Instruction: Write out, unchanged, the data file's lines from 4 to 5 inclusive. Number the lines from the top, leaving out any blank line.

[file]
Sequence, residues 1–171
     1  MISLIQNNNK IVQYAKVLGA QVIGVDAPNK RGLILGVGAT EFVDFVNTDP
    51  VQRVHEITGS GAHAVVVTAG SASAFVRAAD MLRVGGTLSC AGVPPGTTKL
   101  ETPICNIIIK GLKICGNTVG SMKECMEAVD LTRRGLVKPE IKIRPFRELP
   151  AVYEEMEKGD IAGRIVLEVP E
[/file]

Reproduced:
   101  ETPICNIIIK GLKICGNTVG SMKECMEAVD LTRRGLVKPE IKIRPFRELP
   151  AVYEEMEKGD IAGRIVLEVP E